High altitude and southern exposure give this spot its signature blend of snow-sure and sunny slopes. More and more resorts these days have dedicated snowboard schools, and 6punto9 keep Passo up with the trend. Their range of classes school newbies through linking first turns (the Cady Sit blue down to Tonale is one of our favourites for newbies), all the way through to shredding the awesome Adamello Freestyle Arena. Of course, if steep and fast is how you like it… we wouldn’t blame you for just lapping up the Paradiso downhill course all week.

Ride all day, and into the night in Kron - where four of the finest blue and red runs are floodlit after hours. Newbies can practice well out of harm’s way in the Safety Zone next to the wide & cruisey blue Olang 2, under the expert eye of Scoela Italiani’s snowboard specialists. Freestylers, meanwhile, can get as dangerous as they dare on the rails and booters at the snowpark (by the blue Belvedere piste) as well as the Jib Park (on the blue Korer run). Any fan of tree riding won’t know where to begin here, as almost every piste has wooded banks – we love darting in and out of the Furcia 12 red from the centre peak, which curves, swerves and will leave you with a grin the size and shape of a calzone.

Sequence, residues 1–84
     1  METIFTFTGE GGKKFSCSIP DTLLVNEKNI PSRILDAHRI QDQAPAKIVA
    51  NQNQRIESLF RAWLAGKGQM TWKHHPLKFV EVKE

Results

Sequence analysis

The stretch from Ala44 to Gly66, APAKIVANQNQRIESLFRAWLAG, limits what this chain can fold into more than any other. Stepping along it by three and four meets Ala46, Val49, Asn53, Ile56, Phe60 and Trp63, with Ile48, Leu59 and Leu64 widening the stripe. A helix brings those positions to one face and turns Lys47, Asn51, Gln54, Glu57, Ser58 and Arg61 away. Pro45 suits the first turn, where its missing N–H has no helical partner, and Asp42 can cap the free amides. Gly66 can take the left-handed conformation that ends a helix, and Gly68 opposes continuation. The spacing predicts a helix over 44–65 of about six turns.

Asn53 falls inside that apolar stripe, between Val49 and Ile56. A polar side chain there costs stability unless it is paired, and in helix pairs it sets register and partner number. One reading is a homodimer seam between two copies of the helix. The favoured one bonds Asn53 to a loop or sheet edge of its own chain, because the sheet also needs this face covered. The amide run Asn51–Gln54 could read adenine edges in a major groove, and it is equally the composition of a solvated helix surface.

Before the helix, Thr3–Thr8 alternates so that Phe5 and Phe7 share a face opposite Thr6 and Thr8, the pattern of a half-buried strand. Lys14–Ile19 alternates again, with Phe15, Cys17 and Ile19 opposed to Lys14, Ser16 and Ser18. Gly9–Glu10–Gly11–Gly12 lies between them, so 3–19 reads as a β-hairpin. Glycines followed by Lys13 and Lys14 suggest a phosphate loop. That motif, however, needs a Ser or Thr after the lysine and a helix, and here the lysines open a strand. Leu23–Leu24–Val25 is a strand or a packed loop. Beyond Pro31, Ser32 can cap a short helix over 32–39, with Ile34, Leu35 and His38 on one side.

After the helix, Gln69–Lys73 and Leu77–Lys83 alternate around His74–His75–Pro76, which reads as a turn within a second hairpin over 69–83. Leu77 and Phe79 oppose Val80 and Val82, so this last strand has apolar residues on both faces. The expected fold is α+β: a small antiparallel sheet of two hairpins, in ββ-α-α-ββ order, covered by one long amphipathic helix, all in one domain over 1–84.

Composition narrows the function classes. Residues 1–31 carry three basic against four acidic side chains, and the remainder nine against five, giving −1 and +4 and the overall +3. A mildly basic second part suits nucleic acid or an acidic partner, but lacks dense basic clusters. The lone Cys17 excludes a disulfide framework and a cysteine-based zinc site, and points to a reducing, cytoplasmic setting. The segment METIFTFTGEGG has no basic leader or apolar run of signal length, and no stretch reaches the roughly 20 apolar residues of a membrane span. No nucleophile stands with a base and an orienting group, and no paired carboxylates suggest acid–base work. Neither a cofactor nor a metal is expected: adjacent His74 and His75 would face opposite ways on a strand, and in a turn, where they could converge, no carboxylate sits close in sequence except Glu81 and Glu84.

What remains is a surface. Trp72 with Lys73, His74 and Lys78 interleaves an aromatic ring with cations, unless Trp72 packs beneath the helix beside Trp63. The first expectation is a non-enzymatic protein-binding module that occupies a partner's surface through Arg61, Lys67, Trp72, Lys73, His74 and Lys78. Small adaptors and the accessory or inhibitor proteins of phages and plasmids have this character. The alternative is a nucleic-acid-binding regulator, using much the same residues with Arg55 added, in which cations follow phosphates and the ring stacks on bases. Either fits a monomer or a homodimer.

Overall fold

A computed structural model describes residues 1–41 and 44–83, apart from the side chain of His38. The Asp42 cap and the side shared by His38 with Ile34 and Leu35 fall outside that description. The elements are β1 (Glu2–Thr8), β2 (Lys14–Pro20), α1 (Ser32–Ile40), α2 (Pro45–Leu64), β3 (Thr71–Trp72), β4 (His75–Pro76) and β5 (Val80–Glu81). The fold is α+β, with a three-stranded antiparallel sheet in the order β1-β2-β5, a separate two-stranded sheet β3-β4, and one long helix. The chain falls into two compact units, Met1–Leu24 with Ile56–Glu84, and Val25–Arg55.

Surrounded by colossal Dolomite peaks, Arabba is Christmas come early for experienced boarders. Spreads of reds slide down the mountains like spaghetti off the edge of a plate, keeping the terrain wide and endless. To start the week in style, put the picture-perfect Porta Vescovo peak trail from 2478m first on the agenda. Take the eastern descent from the summit and you have the option of tackling the dizzying black #21 midway, covering high powder bowls and taking you on a dramatic course back to the village. The local terrain is some of the most challenging in the region, a case in point: The famously difficult red Capanna Bill, with its 1500m vertical. The legendary Sella Ronda cuts through the area - a mighty circuit through 4 passes. It’s so long that statistically a few flats were bound to crop up, but the terrain surrounding them makes up for it (and as an added bonus, most of the surface lifts have recently been upgraded). Topping it all off is the dominating Marmolada peak which hogs the snow and propels snowboarders into a stomach-dropping plunge and through a series of carefully timed turns and thigh-burning jumps. Off the main Marmolada piste is the Arabba Snow Park at Plan Boe, kitted with some more unusual obstacles, like a Donkey Pipe rail and a polejam, for an afternoon of landing tricks in a laid-back shredding zone.